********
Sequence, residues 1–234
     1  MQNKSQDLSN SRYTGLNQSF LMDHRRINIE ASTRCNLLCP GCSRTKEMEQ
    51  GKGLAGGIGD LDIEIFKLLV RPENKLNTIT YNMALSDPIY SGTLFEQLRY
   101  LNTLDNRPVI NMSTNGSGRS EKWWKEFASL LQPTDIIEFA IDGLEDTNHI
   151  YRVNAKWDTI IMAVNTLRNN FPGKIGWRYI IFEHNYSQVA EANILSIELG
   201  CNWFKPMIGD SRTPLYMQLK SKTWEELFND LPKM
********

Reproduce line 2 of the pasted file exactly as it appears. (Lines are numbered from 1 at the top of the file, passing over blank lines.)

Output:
     1  MQNKSQDLSN SRYTGLNQSF LMDHRRINIE ASTRCNLLCP GCSRTKEMEQ